SECRETARY-GENERAL, IN MESSAGE TO MINE-BAN CONVENTION PARTIES,
EVOKES ‘ENORMOUS’ CHALLENGES STILL AHEAD
Following is the text of the message from Secretary-General Kofi Annan to the Third Meeting of the States Parties to the Mine-Ban Convention. The message was delivered in Managua on the Secretary-General’s behalf today by Under-Secretary-General for Disarmament Affairs, Jayantha Dhanapala:
I am pleased to convey my greetings to all the participants at this meeting of the States Parties to the Mine-Ban Convention. Let me thank the Government of Nicaragua, a country and people that know at first hand the ravages of conflict and the challenges of post-conflict restoration, for hosting this important event.
As you meet in the aftermath of the terrible tragedy that occurred in the United States a week ago today, this gathering takes on even greater significance. Never has there been a greater need for the world to show unity and purpose against the forces of violence and destruction.
The United Nations is proud to be a partner in this effort to keep drawing the world’s attention to the threat of anti-personnel landmines – this insidious remnant of war which continues to cause suffering long after the actual battle has ceased. The Mine-Ban Convention is making a difference in the lives of people around the world, as the international community has made significant progress towards creating an environment free from the threat of landmines. One hundred and twenty States have now ratified the Convention, or are in the process of doing so. I call upon those that have not yet joined the treaty to do so as soon as possible. There has been a dramatic decline in the production, transfer, stockpiling and use of landmines. More mines have been cleared, more victims assisted, more stockpiles destroyed, and more effective technologies for mine action have been developed. More men, women and especially children have been made aware of dangerous landmine zones.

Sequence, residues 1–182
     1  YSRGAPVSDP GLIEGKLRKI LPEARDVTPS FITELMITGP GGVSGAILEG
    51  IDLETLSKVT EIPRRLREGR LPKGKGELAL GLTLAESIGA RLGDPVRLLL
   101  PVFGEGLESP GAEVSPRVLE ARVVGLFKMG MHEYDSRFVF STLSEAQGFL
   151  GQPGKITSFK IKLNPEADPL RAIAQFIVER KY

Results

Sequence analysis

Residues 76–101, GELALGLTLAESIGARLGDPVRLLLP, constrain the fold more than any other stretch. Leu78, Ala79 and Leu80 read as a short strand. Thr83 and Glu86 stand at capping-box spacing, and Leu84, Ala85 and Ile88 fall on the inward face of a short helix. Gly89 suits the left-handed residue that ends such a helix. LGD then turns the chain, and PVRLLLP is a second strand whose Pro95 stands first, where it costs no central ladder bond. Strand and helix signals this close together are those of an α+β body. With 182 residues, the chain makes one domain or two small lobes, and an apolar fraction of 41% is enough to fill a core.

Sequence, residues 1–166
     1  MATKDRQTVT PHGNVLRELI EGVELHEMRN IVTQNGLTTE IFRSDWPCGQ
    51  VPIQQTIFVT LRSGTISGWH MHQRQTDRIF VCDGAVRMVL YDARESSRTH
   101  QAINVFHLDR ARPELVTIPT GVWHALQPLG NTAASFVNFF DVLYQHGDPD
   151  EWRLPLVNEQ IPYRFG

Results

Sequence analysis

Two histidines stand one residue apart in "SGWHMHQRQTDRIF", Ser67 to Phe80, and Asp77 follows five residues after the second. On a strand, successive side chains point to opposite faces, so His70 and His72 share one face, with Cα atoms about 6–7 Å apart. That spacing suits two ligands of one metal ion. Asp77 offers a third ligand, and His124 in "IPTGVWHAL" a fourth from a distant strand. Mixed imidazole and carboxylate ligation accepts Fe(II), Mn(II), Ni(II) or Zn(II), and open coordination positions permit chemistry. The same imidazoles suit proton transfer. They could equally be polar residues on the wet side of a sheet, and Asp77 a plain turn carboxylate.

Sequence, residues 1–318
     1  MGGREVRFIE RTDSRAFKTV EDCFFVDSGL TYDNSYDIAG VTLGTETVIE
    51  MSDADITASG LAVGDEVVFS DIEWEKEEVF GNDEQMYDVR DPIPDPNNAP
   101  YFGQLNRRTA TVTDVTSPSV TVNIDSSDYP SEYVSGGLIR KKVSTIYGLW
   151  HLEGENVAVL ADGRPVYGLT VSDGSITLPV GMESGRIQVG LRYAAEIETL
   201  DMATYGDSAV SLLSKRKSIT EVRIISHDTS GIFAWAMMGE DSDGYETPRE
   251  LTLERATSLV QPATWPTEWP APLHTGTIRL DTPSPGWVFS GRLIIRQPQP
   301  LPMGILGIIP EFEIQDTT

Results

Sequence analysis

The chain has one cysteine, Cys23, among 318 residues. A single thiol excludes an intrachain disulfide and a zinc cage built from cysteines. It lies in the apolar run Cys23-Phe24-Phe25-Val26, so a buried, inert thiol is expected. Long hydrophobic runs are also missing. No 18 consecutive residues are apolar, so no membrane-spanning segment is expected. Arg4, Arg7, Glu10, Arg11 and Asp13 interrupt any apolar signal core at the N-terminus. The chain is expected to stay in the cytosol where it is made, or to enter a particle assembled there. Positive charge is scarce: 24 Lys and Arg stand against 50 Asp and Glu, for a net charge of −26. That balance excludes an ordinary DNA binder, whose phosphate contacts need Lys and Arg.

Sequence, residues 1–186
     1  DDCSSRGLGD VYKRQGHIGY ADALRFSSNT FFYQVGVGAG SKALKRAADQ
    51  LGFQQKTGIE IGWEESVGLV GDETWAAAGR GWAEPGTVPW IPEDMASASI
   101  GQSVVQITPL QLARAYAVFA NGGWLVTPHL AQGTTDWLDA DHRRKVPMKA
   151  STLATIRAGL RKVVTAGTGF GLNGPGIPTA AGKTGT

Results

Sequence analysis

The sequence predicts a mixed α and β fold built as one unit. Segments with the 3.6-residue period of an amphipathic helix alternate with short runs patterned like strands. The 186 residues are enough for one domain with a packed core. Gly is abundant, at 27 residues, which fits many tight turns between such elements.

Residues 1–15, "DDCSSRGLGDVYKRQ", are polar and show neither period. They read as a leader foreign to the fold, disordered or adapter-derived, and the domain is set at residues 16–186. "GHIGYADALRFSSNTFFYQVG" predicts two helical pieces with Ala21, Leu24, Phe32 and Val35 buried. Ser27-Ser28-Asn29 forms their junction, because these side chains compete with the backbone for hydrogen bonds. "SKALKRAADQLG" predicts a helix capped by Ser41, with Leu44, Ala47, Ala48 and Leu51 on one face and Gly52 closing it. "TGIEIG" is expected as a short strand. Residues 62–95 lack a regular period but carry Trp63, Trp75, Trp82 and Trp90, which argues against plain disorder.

There are still enormous challenges ahead – from more effective coordination and mobilization of resources at the international level, to building better capacity for mine action programmes at the national and local levels. In response to those challenges, the United Nations is developing a five-year mine action strategy identifying goals to be achieved, including an international instrument addressing unexploded ordnances, which were not originally a part of the Convention.
In our partnership to eradicate landmines from the face of the earth, the United Nations will continue to play its part to the full. I wish you a most productive meeting.
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